Belarusian authorities must refrain from using excessive force against protesters, Amnesty International said today, after police used teargas and arrested more than 300 protesters on Sunday.
Social networking websites Facebook and Twitter were also reportedly blocked as thousands of activists gathered in the capital Minsk and other cities to express their disapproval at President Alexander Lukashenko’s economic policies by clapping in unison.
Tear gas was used against a group of protesters at Minsk’s Railway Station Square, and protesters elsewhere in the city were beaten by police. The arrests were carried out by state security agents in plain clothes who did not present any form of identification or state the reasons for the arrests.
“Belarus continues to ride roughshod over human rights, but these latest mass arrests and use of teargas against peaceful protesters show that attacks on freedom of expression appear to be intensifying, “ said John Dalhuisen, Amnesty International’s Deputy Director for Europe and Central Asia.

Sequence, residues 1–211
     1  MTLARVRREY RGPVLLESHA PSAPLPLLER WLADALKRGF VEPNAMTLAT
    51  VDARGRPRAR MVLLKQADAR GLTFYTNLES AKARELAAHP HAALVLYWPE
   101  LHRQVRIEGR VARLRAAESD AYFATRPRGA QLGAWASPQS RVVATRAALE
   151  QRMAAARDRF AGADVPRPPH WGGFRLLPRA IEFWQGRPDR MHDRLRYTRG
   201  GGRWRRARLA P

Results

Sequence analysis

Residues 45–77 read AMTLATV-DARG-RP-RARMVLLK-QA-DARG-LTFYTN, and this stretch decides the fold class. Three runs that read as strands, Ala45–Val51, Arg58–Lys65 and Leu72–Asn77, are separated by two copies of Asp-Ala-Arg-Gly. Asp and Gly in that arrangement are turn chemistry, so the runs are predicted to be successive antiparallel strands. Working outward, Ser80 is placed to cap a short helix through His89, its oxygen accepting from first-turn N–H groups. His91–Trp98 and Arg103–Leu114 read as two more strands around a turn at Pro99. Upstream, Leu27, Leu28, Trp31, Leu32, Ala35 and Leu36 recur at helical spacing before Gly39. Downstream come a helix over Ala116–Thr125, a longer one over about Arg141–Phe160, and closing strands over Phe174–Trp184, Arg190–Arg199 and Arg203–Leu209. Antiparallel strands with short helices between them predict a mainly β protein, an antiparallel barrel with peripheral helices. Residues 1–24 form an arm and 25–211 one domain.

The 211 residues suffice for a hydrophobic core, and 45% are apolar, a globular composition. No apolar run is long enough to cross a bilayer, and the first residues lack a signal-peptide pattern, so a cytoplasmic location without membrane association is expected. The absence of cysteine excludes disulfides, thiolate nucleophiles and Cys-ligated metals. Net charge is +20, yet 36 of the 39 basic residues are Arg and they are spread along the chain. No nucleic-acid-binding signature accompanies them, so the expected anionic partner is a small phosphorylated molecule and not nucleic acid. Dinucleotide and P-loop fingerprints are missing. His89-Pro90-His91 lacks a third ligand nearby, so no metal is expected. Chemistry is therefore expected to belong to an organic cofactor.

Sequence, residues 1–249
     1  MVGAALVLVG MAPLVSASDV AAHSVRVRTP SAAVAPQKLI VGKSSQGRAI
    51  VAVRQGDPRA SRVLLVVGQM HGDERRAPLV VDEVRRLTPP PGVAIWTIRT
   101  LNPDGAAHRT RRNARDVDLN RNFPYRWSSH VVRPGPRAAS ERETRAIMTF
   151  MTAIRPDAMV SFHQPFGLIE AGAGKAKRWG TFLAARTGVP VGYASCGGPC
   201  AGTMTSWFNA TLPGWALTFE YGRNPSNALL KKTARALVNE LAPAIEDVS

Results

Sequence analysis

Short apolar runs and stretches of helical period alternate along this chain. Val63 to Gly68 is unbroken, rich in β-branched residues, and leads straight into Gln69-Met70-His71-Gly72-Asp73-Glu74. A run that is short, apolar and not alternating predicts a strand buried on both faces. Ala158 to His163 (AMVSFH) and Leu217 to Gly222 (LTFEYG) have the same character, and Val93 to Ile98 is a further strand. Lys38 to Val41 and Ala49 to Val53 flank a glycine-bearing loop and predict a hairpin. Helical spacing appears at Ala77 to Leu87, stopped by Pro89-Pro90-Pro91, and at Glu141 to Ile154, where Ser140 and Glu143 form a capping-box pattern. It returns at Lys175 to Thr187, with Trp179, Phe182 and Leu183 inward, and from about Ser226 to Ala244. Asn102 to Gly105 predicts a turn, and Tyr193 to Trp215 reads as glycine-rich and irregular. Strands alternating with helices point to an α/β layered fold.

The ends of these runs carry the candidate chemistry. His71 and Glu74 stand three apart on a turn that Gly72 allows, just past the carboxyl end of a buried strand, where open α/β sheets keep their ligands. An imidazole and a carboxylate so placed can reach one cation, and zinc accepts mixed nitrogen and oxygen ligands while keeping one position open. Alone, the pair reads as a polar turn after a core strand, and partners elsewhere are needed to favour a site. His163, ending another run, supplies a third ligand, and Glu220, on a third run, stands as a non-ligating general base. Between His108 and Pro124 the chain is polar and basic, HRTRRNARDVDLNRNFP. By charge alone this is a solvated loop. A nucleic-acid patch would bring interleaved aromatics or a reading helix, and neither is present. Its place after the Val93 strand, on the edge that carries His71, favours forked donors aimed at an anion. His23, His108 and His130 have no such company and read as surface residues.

“These blocks on communication are an attempt to cut off demonstrators from each other and clearly violates the right to freedom of expression,” said John Dalhuisen.
President Lukashenko was in defiant mood at a military parade in Minsk to mark Independence Day on Sunday, the anniversary of the liberation of Belarus from German occupation in 1944. He blamed the unrest on foreign intervention.
“We understand the goal of these attacks. It is to sow uncertainty and disturbance, destroy public consent, and [..] nullify efforts done to gain independence. This will never happen,” he said.
According to Viasna Human Rights Centre, among the more than 200 protesters arrested in Minsk were 17 journalists. Some of the journalists have been released, but 340 people remain in detention. Some 160 are being held in Minsk, while 180 are in detention centres in cities across Belarus. Some protesters were beaten as they were arrested and others were beaten in the police vans.
Trials are ongoing, and the detainees are being charged with minor hooliganism or participation in an unsanctioned meeting, offences which involve short administrative sentences of 10-15 days.
“Clamping down on peaceful protesters does nothing to address the root causes of their grievances which relate primarily to the economic situation,” said John Dalhuisen.
“Concerns about the enjoyment of economic and social rights cannot be removed by restricting civil and political rights. Peaceful protesters must not be detained, security forces must not use violence against protesters, and all those in detention must be immediately released”, he added.